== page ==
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Mean Value of Functions of Random Variables

Quantifying Dependence

Models for Joint Distributions

Lesson 5

Chapter 4: Jointly Distributed Random

Variables

Michael Akritas

Department of Statistics

The Pennsylvania State University

Michael Akritas Lesson 5 Chapter 4: Jointly Distributed Random Variables

Outline

The Joint Probability Mass Function

Mean Value of Functions of Random Variables

Quantifying Dependence

Models for Joint Distributions

1

The Joint Probability Mass Function

Marginal and Conditional Probability Mass Functions

The Regression Function

Independence

2

Mean Value of Functions of Random Variables

Expected Value of Sums

The Covariance and Variance of Sums

3

Quantifying Dependence

4

Models for Joint Distributions

Michael Akritas Lesson 5 Chapter 4: Jointly Distributed Random Variables

Outline

The Joint Probability Mass Function

Mean Value of Functions of Random Variables

Quantifying Dependence

Models for Joint Distributions

Motivation

When we record more than one characteristic from each

population unit, the outcome variable is multivariate, e.g.,

Y = age of a tree, X = the trees diameter at breast height.

Y = propagation of an ultrasonic wave, X = tensile

strength of substance.

Of interest here is not only each variable separately, but also to

a) quantify the relationship between them, and b) be able to

predict one from another. The joint distribution (i.e., joint pmf, or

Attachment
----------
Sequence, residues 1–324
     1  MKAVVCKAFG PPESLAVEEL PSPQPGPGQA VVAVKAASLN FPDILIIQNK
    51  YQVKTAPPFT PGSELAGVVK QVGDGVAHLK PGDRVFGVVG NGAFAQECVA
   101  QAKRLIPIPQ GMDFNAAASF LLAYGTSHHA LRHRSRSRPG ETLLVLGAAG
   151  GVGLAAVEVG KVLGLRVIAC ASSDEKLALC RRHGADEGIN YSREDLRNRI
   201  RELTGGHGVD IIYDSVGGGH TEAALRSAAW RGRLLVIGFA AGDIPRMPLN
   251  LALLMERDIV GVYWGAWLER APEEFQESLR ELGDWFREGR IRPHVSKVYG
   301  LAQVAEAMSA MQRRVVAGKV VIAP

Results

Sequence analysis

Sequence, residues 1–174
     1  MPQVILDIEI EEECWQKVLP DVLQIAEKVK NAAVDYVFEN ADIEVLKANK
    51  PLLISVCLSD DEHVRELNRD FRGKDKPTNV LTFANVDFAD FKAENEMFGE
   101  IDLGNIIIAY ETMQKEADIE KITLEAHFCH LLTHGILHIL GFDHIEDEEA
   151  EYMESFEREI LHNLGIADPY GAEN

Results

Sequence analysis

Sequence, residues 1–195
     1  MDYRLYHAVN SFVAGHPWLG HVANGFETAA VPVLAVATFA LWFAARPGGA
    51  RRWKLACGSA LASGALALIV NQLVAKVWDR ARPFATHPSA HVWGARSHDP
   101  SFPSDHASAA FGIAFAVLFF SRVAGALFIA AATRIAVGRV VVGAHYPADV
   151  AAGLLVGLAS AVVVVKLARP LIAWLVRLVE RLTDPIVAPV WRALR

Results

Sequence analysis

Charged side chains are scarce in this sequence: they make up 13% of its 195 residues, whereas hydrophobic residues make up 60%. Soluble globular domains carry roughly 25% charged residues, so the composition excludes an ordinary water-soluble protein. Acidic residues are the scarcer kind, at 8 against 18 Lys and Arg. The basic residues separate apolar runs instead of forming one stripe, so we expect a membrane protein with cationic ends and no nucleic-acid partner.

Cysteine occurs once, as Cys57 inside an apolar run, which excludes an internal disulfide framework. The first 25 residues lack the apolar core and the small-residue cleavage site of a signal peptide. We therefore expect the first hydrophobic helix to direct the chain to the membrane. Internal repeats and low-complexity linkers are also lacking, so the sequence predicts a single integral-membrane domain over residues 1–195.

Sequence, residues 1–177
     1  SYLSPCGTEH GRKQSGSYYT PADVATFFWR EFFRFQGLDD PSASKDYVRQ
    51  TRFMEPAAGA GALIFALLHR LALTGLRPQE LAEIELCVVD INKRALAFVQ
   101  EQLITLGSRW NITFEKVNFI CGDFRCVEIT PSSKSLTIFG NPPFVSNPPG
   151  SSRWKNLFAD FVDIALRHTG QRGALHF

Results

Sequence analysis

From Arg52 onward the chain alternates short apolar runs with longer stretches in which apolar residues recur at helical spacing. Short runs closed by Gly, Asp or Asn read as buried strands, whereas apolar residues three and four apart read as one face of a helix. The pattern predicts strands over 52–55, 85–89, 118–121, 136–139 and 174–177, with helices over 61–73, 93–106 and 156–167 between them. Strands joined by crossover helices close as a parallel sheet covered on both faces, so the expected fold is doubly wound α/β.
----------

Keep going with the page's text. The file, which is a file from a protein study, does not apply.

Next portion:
joint pdf) forms the basis for doing so.

Michael Akritas Lesson 5 Chapter 4: Jointly Distributed Random Variables

Outline

The Joint Probability Mass Function

Mean Value of Functions of Random Variables

Quantifying Dependence

Models for Joint Distributions

Marginal and Conditional Probability Mass Functions

The Regression Function

Independence

The joint probability mass function of two discrete random

variables, X and Y, is denoted my p(x, y) and is dened as

p(x, y) = P(X = x, Y = y)

If X and Y take on only a few values, the joint pmf is

typically given in a table like

Y

p(x, y) 1 2

1 0.034 0.134

X 2 0.066 0.266

3 0.100 0.400

The Axioms of probability imply that

i

p(x

i

, y

i

) = 1.

Michael Akritas Lesson 5 Chapter 4: Jointly Distributed Random Variables

Outline

The Joint Probability Mass Function

Mean Value of Functions of Random Variables

Quantifying Dependence

Models for Joint Distributions

Marginal and Conditional Probability Mass Functions

The Regression Function

Independence

0

0.1

0.2

0.3

0.4

0.5

1

2

3

1

2

Figure: 3D barplot of the bivariate pmf of Example ??.

Michael Akritas Lesson 5 Chapter 4: Jointly Distributed Random Variables

Outline

The Joint Probability Mass Function

Mean Value of Functions of Random Variables

Quantifying Dependence

Models for Joint Distributions

Marginal and Conditional Probability Mass Functions

The Regression Function

Independence

Example

The joint pmf of X = amount of drug administered to a

randomly selected rat, and Y = the number of tumors the rat

develops, is:

y

p(x, y) 0 1 2

0.0 mg/kg .388 .009 .003

x 1.0 mg/kg .485 .010 .005

2.0 mg/kg .090 .008 .002

Thus 48.5% of the rats will receive the 1.0 mg dose and will

develop 0 tumors, while 40% of the rats will receive the 0.0 mg

dose.

Michael Akritas Lesson 5 Chapter 4: Jointly Distributed Random Variables

Outline

The Joint Probability Mass Function

Mean Value of Functions of Random Variables

Quantifying Dependence

Models for Joint Distributions

Marginal and Conditional Probability Mass Functions

The Regression Function

Independence

The above probability calculations are not entirely new.